In 1964, the Simba rebellion began in the Congo and rebels gained control of large areas of the eastern part of the country, including Stanleyville and the United States consulate there, taking several State Department employees and others captive. The United States set up a Joint Task Force, which included four C-130s of the 464th Wing to rescue State Department employees in Stanleyville. The Wing's commitment increased to 14 aircraft with the development of an expanded rescue plan called Operation Dragon Rouge. These aircraft, from the 776th and 777th Squadrons, were on rotation duty with the 322d Air Division at Evreux Air Base, France and were conveniently located to airlift Belgian forces. The wing dropped Belgian paratroops into Stanleyville, and after the runways were cleared, landed additional troops at Simi-Simi Airport. Once the city was secured, The C-130s began shuttling refugees out of the city, under fire as they departed, and with 100 passengers on each plane. Five aircraft were damaged as 2,000 refugees were evacuated.[note 4] An additional 500–1000 were evacuated from Paulis in a follow-on operation,[note 5] although not all hostages could be rescued and a number were executed by the Simba rebels. The 464th received the Mackay Trophy for this operation.
In April 1965, the United States decided to deploy troops to the Dominican Republic following the start of a civil war there. on 30 April, the wing airlanded the 3rd Brigade of the 82d Airborne Division at San Isidro Air Base. The 46 aircraft dispatched to San Isidro so overcrowded the field that many were unable to unload and some had to be diverted to Ramey Air Force Base, Puerto Rico.[note 6] The following day, "an air bridge was established between Pope and San Isidro . . . with a transport . . . landing on an average . . . once every five minutes."[note 7] In late May, the operation in the Dominican Republic came under the aegis of the Organization of American States and American planes flew in the first Latin American troops. American forces began to withdraw, and by December only a few detachments remained. The wing's support continued until the termination of the Inter-American Peace Force in September 1966.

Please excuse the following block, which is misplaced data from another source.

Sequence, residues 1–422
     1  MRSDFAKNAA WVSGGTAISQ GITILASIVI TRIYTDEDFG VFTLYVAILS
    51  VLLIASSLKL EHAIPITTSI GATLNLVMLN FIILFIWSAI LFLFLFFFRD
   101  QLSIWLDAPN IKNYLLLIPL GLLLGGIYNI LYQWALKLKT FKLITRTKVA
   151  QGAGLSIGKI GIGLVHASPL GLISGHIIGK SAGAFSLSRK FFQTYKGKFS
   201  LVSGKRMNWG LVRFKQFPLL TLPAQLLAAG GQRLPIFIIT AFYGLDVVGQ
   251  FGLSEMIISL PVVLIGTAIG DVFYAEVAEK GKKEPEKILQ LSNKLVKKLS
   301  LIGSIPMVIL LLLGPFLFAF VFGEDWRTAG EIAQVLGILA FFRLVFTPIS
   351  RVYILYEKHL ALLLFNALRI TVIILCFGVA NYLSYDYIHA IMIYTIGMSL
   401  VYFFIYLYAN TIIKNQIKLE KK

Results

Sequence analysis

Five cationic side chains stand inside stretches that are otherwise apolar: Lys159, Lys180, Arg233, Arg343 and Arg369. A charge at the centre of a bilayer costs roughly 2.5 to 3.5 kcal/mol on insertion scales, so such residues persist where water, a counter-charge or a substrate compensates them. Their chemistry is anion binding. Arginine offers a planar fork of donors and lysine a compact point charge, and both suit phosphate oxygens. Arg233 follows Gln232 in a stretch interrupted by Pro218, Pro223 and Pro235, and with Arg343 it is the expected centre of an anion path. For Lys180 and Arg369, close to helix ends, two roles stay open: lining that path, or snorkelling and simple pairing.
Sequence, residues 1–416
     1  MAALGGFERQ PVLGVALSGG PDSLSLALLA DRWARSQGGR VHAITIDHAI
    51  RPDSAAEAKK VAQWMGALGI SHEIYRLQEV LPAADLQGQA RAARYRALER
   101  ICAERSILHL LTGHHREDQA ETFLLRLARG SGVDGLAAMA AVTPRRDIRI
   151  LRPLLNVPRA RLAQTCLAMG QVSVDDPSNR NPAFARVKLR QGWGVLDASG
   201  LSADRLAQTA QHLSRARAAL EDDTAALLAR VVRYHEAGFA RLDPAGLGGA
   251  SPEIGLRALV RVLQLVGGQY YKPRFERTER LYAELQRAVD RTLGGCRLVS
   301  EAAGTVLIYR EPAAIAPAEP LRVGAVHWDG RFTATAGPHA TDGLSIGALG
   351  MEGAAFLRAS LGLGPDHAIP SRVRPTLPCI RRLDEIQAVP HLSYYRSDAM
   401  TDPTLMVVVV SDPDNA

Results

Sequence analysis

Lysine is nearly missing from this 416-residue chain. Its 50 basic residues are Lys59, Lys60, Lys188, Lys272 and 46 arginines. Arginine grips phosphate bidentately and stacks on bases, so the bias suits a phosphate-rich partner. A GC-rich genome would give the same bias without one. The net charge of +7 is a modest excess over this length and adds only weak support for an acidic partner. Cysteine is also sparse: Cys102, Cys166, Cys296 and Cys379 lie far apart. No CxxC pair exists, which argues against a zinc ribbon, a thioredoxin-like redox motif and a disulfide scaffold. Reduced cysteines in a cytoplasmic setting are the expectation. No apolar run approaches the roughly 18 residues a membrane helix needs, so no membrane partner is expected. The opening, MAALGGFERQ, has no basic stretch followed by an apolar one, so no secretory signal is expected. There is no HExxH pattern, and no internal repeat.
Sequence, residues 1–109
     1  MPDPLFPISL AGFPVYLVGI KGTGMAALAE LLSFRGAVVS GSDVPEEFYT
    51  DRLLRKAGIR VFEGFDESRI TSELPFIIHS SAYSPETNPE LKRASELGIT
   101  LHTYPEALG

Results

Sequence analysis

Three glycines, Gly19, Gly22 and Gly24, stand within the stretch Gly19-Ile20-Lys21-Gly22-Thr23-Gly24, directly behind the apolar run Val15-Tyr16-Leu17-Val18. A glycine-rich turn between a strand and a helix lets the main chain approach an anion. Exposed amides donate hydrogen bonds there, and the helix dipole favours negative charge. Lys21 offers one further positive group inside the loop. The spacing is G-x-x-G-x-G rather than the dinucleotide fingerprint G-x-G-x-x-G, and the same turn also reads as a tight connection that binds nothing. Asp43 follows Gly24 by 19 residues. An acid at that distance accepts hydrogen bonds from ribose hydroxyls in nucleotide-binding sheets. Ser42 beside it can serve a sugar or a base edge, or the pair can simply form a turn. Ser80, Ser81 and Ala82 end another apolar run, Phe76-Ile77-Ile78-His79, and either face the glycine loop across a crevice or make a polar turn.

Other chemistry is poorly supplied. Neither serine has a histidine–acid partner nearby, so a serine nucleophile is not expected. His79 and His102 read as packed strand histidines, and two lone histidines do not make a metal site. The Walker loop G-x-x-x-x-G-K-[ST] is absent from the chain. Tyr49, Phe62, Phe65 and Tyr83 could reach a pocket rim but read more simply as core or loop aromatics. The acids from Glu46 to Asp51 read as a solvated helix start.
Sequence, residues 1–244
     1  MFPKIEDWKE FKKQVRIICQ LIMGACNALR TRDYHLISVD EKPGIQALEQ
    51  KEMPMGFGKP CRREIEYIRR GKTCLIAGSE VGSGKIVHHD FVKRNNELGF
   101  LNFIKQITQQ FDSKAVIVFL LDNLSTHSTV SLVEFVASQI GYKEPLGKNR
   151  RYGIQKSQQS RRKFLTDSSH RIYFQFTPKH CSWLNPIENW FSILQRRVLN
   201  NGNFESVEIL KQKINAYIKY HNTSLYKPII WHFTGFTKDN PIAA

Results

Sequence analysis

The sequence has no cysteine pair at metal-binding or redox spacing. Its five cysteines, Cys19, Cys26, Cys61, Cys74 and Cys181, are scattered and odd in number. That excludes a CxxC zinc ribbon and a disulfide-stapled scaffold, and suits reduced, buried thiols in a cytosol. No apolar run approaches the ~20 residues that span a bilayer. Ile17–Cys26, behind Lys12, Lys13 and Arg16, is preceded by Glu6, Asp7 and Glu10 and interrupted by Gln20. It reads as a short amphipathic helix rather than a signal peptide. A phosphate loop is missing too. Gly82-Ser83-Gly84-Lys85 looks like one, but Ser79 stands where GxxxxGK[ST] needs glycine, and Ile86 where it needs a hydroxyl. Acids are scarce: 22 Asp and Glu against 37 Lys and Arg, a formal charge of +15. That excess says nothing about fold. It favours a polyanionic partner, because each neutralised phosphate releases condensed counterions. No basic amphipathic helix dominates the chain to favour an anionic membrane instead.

During the wing's support for this operation, in December 1965, the 776th Troop Carrier Squadron moved to Ching Chuan Kang Air Base to reinforce airlift forces in Southeast Asia, and was reassigned. Along with TAC's other troop carrier organizations, the 464th was redesignated 464th Tactical Airlift Wing on 1 May 1967. The wing was inactivated on 31 August 1971, when it was replaced by the 317th Tactical Airlift Wing, which moved to Pope on paper from Lockbourne Air Force Base, Ohio, which was being transferred from TAC to Strategic Air Command.
|Air Force Outstanding Unit Award||28 November 1961-1 May 1963||464th Troop Carrier Wing|
|Air Force Outstanding Unit Award||20 November 1964-28 November 1964||464th Troop Carrier Wing|
|Air Force Outstanding Unit Award||1 July 1967-30 June 1968||464th Troop Carrier Wing|
|Operation Dragon Rouge||17 November 1964 – 2 December 1964||464th Troop Carrier Wing|
|Operation Power Pack||29 April 1965 – 21 September 1966||464th Troop Carrier Wing|